SM: Funding acquisition, Investigation, Formal Analysis, Writing – original draft. HU: Formal Analysis, Investigation, Methodology, Writing – review & editing. FS: Investigation, Writing – review & editing, Data curation. CO: Data curation, Investigation, Writing – review & editing. SS: Writing – review & editing. YN: Writing – review & editing, Formal Analysis, Methodology. NO: Supervision, Methodology, Writing – review & editing, Conceptualization, Funding acquisition, Investigation.

Funding

The author(s) declare financial support was received for the research, authorship, and/or publication of this article. This work was supported by Grants-in-aid for Scientific Research 19K17843 to SM, and 22H02855 to NO from the JSPS KAKEN grant and Kanazawa Medical University Research Project "Strategic Development and Innovation in Cell Therapy in the Hokuriku District of Japan" (RP2017-01 to NO and RP2020-04 to SM) through the Private University Research Branding Project of MEXT (Ministry of Education, Culture, Sports, Science and Technology), Japan, and by Promoted Research (S2018-4 to SM) from Kanazawa Medical University and by The Hokkoku Cancer Foundation and Takeda Science Foundation to NO.

Acknowledgments

We thank Ms. H. Nakamura for providing technical assistance.

Conflict of interest

The authors declare that the research was conducted in the absence of any commercial or financial relationships that could be construed as a potential conflict of interest.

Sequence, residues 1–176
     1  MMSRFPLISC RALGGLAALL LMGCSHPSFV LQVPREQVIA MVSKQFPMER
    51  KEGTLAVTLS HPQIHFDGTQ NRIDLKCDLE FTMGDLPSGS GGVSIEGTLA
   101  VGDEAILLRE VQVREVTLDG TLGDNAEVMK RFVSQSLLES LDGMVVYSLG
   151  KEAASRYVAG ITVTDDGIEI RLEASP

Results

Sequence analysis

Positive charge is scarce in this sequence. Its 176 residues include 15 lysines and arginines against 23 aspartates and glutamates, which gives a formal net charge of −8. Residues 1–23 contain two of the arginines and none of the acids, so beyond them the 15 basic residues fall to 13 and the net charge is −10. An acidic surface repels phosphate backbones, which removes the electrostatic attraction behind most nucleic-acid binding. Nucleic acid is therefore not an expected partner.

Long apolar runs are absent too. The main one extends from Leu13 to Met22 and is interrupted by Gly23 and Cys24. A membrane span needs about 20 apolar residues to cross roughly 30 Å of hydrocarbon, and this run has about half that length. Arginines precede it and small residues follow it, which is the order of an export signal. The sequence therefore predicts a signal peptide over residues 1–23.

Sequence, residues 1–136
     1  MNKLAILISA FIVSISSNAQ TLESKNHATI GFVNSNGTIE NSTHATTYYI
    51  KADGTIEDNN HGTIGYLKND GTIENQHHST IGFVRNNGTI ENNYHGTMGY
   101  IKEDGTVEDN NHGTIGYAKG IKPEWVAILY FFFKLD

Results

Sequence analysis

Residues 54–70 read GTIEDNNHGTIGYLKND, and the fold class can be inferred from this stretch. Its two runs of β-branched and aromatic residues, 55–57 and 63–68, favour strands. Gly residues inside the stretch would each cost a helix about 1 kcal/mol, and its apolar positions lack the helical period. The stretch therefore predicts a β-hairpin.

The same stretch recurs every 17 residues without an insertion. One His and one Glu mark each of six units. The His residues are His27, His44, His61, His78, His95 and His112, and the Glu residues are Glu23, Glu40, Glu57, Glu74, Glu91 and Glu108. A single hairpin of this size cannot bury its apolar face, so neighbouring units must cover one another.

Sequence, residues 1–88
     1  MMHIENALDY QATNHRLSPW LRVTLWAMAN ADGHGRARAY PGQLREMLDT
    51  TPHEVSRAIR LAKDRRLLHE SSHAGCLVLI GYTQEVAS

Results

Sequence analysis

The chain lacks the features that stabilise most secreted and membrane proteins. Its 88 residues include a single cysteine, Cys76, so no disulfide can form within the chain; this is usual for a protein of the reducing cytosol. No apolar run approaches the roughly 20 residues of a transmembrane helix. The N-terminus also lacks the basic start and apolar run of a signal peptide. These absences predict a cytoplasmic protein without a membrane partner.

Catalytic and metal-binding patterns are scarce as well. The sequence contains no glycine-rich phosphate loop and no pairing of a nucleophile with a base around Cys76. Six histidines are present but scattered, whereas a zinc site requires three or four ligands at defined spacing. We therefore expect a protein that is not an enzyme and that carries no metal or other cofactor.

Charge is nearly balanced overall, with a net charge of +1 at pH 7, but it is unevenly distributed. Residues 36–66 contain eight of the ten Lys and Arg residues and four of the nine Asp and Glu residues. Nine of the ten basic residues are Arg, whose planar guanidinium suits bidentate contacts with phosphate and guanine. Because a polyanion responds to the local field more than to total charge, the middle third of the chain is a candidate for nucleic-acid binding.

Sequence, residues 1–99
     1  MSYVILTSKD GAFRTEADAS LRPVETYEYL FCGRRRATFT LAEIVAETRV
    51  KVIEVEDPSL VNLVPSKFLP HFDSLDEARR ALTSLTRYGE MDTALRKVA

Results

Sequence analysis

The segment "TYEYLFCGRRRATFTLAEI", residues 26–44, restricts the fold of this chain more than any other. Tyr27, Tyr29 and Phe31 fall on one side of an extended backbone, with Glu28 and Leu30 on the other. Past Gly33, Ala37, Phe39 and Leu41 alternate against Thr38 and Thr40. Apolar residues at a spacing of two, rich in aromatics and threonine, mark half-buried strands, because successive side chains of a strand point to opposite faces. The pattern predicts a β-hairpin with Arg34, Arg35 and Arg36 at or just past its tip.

The author(s) declared that they were an editorial board member of Frontiers, at the time of submission. This had no impact on the peer review process and the final decision.

Publisher’s note

All claims expressed in this article are solely those of the authors and do not necessarily represent those of their affiliated organizations, or those of the publisher, the editors and the reviewers. Any product that may be evaluated in this article, or claim that may be made by its manufacturer, is not guaranteed or endorsed by the publisher.

Supplementary material

The Supplementary Material for this article can be found online at: https://www.frontiersin.org/articles/10.3389/fimmu.2023.1264609/full#supplementary-material

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Keywords: dendritic cells, small molecule inhibitor, cytokine production, mixed lymphoid reaction, immunotherapy

Citation: Matsuba S, Ura H, Saito F, Ogasawara C, Shimodaira S, Niida Y and Onai N (2023) An optimized cocktail of small molecule inhibitors promotes the maturation of dendritic cells in GM-CSF mouse bone marrow culture. Front. Immunol. 14:1264609. doi: 10.3389/fimmu.2023.1264609

Received: 21 July 2023; Accepted: 21 September 2023;
Published: 13 October 2023.

Edited by:

Thomas Hartung, Johns Hopkins University, United States

Reviewed by:

Kenichi Asano, Tokyo University of Pharmacy and Life Sciences, Japan
Izumi Sasaki, Wakayama Medical University, Japan

Copyright © 2023 Matsuba, Ura, Saito, Ogasawara, Shimodaira, Niida and Onai. This is an open-access article distributed under the terms of the Creative Commons Attribution License (CC BY). The use, distribution or reproduction in other forums is permitted, provided the original author(s) and the copyright owner(s) are credited and that the original publication in this journal is cited, in accordance with accepted academic practice. No use, distribution or reproduction is permitted which does not comply with these terms.

*Correspondence: Nobuyuki Onai, onai@kanazawa-med.ac.jp

Disclaimer: All claims expressed in this article are solely those of the authors and do not necessarily represent those of their affiliated organizations, or those of the publisher, the editors and the reviewers. Any product that may be evaluated in this article or claim that may be made by its manufacturer is not guaranteed or endorsed by the publisher.